Trump formally left Iran's nuclear agreement, to the horror of both Iran and its European signatories in May 2018. [19659009] "It is dangerous to run the same game on Iran on the wrong conviction that it was working with North Korea when the evidence is certainly mixed, if it is not quite the fight they, "added Narang.

North Korean leader Kim Jong Un and Trump left their February summit in Hanoi without a deal and clearly far apart on the parameters needed to seal one.

Trump has openly pushed for an agreement with Kim, where both sides are all in: North Korea completely dismantles its nuclear and ballistic missile programs in exchange for full sanctions.

Kim pointed out that he is dissatisfied with how the negotiations have gone since he and Trump did not reach agreement in Hanoi. In a speech to the ruling Labor Party last month, Kim said he would have until the end of the year "to see if the US is making a brave decision or not."

"Claiming a victory in North Korea when the result has been anything but dangerous on two fronts: With North Korea, because Kim is likely to hold gradual escalating behavior that the US finds provocative and with Iran because Trump seems to have internalized its his own fact-free tale of the magic he worked with North Korea, "Jackson said.

In many cases in Washington, Pyongyang has resumed test firing of short-range ballistic missiles that could potentially carry nuclear weapons. Kim only agreed to stop testing long-distance missiles that threaten US mainland, but short-range missiles in theory threaten North Korea's neighbors and US troops stationed there. After the test, Trump said he didn't think North Korea was "ready to negotiate."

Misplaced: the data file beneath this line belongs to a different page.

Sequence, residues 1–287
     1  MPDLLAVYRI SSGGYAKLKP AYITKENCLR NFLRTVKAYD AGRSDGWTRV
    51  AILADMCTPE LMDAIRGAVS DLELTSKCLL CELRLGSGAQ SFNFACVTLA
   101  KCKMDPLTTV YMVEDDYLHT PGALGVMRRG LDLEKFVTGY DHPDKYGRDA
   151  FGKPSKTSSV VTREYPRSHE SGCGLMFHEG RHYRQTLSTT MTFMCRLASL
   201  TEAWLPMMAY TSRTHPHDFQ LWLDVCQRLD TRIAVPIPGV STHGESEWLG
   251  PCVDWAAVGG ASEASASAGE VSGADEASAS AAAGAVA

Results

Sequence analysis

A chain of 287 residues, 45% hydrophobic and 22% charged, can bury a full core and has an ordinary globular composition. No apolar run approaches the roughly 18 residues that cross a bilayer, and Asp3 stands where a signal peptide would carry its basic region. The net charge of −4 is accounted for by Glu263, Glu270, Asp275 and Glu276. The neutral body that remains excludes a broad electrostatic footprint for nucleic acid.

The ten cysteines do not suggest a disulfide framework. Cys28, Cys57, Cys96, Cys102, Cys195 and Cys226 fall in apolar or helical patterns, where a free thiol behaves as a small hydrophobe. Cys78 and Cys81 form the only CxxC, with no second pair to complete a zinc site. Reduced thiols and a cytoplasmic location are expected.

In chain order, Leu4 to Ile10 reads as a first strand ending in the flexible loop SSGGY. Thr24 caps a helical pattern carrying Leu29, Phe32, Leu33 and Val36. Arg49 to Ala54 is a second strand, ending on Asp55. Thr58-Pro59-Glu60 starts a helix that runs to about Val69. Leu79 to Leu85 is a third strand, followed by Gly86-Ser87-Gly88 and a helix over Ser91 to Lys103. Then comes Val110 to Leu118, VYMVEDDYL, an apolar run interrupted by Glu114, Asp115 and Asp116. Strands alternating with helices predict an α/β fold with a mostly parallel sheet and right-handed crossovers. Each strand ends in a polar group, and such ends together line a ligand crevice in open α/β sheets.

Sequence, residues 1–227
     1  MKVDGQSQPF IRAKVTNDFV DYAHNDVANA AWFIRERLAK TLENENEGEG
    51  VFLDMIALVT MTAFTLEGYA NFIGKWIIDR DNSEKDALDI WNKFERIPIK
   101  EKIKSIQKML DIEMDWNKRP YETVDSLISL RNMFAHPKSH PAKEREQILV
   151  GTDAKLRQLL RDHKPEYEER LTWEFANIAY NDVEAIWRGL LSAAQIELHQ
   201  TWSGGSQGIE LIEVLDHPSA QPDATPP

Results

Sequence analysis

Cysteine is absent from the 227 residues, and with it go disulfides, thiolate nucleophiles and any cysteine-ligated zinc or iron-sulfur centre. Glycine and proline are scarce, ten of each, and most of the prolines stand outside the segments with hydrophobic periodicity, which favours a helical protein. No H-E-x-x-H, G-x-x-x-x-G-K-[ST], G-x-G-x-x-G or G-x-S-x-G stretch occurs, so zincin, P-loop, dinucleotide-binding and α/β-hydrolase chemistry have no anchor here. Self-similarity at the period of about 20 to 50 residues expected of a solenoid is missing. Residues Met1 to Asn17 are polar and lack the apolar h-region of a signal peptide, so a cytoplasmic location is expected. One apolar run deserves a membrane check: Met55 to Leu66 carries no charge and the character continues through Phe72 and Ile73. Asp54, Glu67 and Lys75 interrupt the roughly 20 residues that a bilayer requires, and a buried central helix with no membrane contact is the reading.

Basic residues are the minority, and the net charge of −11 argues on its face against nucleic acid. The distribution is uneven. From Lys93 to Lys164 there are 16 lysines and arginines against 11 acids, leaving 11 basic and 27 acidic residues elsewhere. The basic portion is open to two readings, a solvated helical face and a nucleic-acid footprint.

Pyongyang has suggested that it seeks a step-by-step, step-by-step process to build trust between the two sides. Washington worries that this approach could be easily exploited by North Korea.

Catch-22 is that North Korea is likely to get rid of its nuclear weapons program if it has a trusting and stable relationship with the United States. And the United States will probably only develop a normal relationship with North Korea if it refrains from its nuclear weapons program.

Trump may not have the time to develop this trust and destroy the nuclear power of Iran – despite the fact that Tehran has been found in accordance with the International Atomic Energy Agency's pact – put him in a harder negotiating position.

Trump's supporters claimed to abandon the Iran agreement would send a clear signal to Kim Jong Un about the type of deal that Trump administration would be willing to negotiate.

But his critics say throwing it out turned out to be Pyongyang, Tehran or any other party willing to negotiate with the United States that an agreement can only last as long as the president who signed it.

It's a big handicap for a president who exploits the power of personal relationships in reaching agreements – goes as far as he says he was in love with Kim.

Love must not have forward limits, but Trump does.